delay through an ADSL transmission span is affected by
interleaving.
Legacy services
A large set of service types traditionally supported by the DLC
network element (NE).
Lightguide build out
(LBO)
An attenuation network for optical signals between ATM circuit
packs in an ATM switch or multiplexer and the AFMOs in an
AnyMedia shelf, or between separate AMFOs in multiple AnyMedia
shelves in a daisy chain. LBO guarantees the proper signal level.
Line
Formally represents the connection from the customer's telephone
to the switch. Has been recently used to represent the copper cable
from the DLC channel unit's or application pack's tip/ring output to
the customer's telephone. Used equivalent to "loop," but usually
does not include the telephone set.
Local login
Login into the AnyMedia Access System via the CIT or External
System LAN 10BaseT interface from the collocated GSI or dumb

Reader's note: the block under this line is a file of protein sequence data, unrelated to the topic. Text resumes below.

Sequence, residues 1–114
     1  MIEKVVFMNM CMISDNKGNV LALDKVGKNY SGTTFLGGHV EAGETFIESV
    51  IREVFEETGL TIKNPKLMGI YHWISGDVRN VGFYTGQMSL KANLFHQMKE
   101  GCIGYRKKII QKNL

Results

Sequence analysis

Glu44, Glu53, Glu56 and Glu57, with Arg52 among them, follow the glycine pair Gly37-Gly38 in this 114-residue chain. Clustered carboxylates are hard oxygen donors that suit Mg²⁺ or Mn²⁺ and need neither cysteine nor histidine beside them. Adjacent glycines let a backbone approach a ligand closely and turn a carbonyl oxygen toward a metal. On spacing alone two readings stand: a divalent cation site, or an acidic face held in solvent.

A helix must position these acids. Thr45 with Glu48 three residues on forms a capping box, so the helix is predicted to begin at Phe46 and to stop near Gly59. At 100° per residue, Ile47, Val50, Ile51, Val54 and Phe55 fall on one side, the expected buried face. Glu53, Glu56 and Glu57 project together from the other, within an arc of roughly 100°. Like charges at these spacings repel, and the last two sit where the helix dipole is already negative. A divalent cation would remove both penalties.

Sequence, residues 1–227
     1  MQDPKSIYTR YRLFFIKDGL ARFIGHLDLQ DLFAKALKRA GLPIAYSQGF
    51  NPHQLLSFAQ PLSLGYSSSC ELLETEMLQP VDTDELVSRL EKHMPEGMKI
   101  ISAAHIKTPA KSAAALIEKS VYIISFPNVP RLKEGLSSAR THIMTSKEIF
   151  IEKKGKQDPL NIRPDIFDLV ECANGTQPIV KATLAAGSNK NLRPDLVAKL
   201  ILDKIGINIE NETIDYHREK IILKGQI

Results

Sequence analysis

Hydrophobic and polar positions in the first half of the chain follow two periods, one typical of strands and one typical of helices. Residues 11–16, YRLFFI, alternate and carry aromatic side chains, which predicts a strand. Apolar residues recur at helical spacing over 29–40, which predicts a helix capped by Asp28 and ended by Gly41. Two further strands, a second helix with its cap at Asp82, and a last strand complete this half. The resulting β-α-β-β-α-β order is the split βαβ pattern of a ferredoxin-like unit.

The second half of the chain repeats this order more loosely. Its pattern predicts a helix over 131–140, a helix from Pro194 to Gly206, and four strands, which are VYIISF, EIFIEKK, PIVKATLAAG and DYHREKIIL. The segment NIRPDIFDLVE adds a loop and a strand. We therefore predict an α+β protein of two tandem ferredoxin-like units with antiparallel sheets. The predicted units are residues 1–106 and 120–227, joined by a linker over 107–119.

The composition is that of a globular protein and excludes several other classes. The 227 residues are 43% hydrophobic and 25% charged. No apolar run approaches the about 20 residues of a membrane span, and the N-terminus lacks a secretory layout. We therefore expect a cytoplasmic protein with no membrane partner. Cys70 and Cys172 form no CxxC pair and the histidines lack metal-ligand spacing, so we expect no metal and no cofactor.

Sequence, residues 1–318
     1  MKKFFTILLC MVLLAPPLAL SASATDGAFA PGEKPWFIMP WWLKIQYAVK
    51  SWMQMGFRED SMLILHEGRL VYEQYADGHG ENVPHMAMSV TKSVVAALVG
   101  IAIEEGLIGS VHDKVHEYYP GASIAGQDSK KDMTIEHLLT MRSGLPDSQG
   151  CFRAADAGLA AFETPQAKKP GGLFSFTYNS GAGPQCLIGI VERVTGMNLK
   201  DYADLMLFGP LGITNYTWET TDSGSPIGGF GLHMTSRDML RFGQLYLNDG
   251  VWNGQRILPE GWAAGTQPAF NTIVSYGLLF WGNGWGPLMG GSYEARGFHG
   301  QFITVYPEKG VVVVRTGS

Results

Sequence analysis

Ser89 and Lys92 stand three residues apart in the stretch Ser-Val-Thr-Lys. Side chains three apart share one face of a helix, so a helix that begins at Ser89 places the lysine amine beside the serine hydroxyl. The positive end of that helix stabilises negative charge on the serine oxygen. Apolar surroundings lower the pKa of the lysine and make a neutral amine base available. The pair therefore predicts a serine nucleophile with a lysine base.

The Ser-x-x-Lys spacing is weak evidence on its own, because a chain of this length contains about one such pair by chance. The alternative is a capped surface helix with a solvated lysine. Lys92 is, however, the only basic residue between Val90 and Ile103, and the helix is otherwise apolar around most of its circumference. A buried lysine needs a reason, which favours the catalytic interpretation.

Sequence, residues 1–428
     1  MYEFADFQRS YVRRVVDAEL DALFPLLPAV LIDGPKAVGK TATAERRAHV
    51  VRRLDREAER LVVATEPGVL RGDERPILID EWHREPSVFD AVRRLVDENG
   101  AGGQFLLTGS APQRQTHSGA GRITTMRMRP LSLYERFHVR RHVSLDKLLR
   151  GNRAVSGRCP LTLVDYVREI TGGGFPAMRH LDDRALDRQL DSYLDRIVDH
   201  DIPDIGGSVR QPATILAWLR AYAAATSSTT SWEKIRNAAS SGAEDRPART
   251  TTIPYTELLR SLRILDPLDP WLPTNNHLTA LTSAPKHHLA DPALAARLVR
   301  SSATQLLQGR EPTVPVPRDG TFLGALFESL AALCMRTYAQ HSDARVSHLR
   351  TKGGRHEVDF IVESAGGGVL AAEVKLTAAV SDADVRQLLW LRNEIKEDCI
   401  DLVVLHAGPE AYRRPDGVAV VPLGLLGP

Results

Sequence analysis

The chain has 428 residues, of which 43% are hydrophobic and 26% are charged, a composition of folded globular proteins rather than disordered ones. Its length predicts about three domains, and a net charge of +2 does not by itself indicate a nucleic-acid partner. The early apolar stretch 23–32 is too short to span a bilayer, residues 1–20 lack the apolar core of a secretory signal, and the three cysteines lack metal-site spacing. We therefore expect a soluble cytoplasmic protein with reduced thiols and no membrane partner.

terminal.
Local test desk
LTD is a test position located in a local end office that is capable of
accessing and making metallic tests on subscriber loops served out
of that office (including those on digital loop carrier systems).
LOF on ADSL line
ADSL frame synchronization has been lost at the ADSL for at least
2.5 seconds.
October 2002
AnyMedia IAT Feature Supplement, Issue 5
363-211-127
Glossary
LOF on upstream SDSL The SDSL signal from the CPE is considered to be in a LOF
line
condition after 2.5 ± 0.5 seconds of contiguous lof defect. The LOF
condition is cleared when 10 ± 0.5 seconds have occurred that do
not have the lof defect. The loss of cell delineation (LOCD) event
counter data is mapped to lof. The firmware collects this 0.5-second